As the UK’s leading charity for young people, we listen to their issues and concerns in order to provide the best possible support. Our research and evaluations provide insights into the hopes and aspirations of young people, as well as the barriers they face to success.
Combined with our inspirational success stories, we are the authority on youth issues and opportunities.
The Prince’s Trust Macquarie Youth Index (January 2017)
The eighth Prince’s Trust Macquarie Youth Index measures how happy young people are with their lives today and how confident they feel about the future. It reveals that young people’s wellbeing is at its lowest level since the Index was first commissioned, with many feeling trapped by their circumstances and almost a fifth saying they don’t believe they can change their circumstances if they want to.
The report highlights a wide range of factors that could be contributing to young people feeling out of control of their lives..
Trust in Business (March 2016)
This Prince's Trust and NatWest report shows that businesses started with our funding and mentoring support have survival rates above the national average. The research shows that 73% of Trust-supported businesses continue to operate into their third year, compared with the national figure of 61%.
The report was commissioned to determine the longer-term impact of the programme and positive outcomes amongst young people.
The Prince’s Trust Macquarie Youth Index (January 2015)
The seventh Prince’s Trust Macquarie Youth Index measures how happy young people are with their lives today and how confident they feel about the future. It reveals that anxiety is challenging young people’s confidence, with more than one in 10 often feeling too anxious to leave the house and over half worried about everyday situations.
The report – which also explores bullying, troubled childhoods and resilience – also highlights that anxiety is preventing young people from looking after their health and securing jobs.
The Skills Crunch (August 2014)
The Prince's Trust and HSBC Skills Crunch report reveals that business leaders are facing skills gaps, threatening to hamper economic growth.
UK employers say they’re struggling to recruit, yet hundreds of thousands of unemployed young people are desperate for work. How can we work together to up-skill the workforce of the future?
Abandoned Ambitions (August 2013)
Poor exam results cause thousands of young people to abandon their ambitions each year. This research shows that struggling school leavers need more vocational support.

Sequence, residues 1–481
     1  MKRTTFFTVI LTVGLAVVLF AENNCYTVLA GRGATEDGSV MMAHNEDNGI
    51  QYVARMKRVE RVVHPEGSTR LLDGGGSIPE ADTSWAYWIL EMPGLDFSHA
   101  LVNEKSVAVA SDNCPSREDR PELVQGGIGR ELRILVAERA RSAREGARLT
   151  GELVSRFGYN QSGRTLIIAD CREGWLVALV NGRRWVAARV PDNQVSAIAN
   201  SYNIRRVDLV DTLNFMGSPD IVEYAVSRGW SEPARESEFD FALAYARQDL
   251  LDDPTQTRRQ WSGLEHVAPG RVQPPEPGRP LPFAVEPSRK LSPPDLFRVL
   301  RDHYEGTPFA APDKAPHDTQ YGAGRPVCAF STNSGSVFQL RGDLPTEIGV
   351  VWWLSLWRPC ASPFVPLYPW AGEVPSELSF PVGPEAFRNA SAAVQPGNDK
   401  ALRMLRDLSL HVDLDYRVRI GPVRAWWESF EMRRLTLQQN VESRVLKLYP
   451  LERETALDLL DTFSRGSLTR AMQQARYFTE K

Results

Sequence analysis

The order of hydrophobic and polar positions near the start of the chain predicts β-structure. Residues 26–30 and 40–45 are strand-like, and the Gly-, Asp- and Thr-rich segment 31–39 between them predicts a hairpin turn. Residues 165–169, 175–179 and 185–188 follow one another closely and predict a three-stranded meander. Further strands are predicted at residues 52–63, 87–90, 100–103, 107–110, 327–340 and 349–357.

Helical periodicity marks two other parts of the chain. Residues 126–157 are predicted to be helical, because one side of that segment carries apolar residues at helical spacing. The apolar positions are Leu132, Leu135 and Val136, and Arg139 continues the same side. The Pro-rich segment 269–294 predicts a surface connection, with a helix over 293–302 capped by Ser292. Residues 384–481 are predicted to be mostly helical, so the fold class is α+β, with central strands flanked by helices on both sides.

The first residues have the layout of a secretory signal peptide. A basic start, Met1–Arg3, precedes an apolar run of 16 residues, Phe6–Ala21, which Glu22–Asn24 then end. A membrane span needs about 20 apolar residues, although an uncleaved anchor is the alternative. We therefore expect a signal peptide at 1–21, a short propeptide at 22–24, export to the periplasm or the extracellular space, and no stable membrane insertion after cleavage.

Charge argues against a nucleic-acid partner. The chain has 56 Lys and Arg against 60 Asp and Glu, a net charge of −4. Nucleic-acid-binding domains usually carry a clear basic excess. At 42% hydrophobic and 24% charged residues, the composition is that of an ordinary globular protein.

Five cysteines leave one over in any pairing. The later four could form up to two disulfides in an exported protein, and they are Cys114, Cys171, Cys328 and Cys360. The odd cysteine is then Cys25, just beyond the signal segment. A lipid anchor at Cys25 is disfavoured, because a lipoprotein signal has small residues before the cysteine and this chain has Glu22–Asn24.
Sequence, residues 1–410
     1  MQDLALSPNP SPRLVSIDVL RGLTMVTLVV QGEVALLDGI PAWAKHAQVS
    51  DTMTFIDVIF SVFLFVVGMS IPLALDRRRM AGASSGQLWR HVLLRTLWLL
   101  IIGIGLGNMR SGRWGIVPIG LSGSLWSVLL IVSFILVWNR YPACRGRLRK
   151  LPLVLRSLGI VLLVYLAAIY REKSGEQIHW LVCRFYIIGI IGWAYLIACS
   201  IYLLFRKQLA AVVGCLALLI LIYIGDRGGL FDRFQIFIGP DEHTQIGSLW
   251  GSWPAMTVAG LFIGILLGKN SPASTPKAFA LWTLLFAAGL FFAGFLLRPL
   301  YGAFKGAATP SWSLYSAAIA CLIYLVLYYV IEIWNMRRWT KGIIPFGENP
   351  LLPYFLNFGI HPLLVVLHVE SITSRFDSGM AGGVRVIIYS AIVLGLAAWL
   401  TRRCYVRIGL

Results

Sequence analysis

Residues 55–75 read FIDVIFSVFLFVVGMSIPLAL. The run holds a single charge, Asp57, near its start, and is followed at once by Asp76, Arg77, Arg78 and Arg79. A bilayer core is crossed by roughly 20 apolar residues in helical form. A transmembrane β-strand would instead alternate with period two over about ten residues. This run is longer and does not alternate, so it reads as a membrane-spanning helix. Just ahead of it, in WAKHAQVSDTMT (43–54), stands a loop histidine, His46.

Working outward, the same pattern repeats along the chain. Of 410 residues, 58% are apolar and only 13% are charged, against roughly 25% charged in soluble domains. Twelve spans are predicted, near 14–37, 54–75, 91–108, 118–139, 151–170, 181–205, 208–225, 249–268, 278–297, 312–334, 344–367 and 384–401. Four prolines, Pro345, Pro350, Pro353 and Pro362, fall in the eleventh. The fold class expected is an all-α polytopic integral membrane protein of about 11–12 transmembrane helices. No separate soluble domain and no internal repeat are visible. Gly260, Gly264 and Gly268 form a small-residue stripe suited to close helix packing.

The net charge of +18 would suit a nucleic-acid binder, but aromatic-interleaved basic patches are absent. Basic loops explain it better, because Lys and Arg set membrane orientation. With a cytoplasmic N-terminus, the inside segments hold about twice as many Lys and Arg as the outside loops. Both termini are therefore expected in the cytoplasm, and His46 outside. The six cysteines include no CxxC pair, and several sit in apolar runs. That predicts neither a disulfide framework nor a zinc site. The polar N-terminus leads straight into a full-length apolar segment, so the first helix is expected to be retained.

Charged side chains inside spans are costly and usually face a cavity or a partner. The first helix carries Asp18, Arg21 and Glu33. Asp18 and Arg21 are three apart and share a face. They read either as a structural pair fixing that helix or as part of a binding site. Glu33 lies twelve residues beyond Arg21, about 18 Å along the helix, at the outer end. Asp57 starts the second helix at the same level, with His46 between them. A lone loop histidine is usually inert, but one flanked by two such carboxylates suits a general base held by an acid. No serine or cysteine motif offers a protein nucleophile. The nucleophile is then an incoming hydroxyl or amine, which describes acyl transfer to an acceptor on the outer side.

The Prince’s Trust and HSBC report shows that one in six young people believe they will ‘end up on benefits’, and this increases to more than one in three among those leaving school with poor grades.
Young people with fewer than five GCSEs are almost twice as likely as their peers to believe they’ll ‘never amount to anything’.
The Start-Up Generation (May 2013)
This Prince's Trust and NatWest report shows that 30 per cent of young people believe they’ll be self-employed in the future, while one in four expect to be their own boss within the next five years.
While only five per cent of young people in the UK are currently self-employed, more than a quarter claim they’re ‘increasingly’ thinking of setting up in business.
In addition, the research reveals that more than one in four unemployed young people would rather try to set up their own business than continue to seek work in a competitive market.
Digital Literacy Survey (March 2013)
Lack of computer skills is damaging young people's job chances.
One in 10 unemployed young people cannot send their CV online, while more than one in six believe they’d be in work today if they had better computer skills.
A quarter of unemployed young people also ‘dread’ filling in online job applications and one in 10 admit they avoid using computers.
Broke Not Broken (May 2011)
Thousands of young people from the UK’s poorest families believe they’ll achieve 'few' or 'none' of their goals in life, warns our Prince’s Trust and NatWest 'Broke, not broken' report.
The research, which highlights a clear aspiration gap between the UK’s richest and poorest young people, shows how a quarter from poor homes feel that ‘people like them don’t succeed in life’.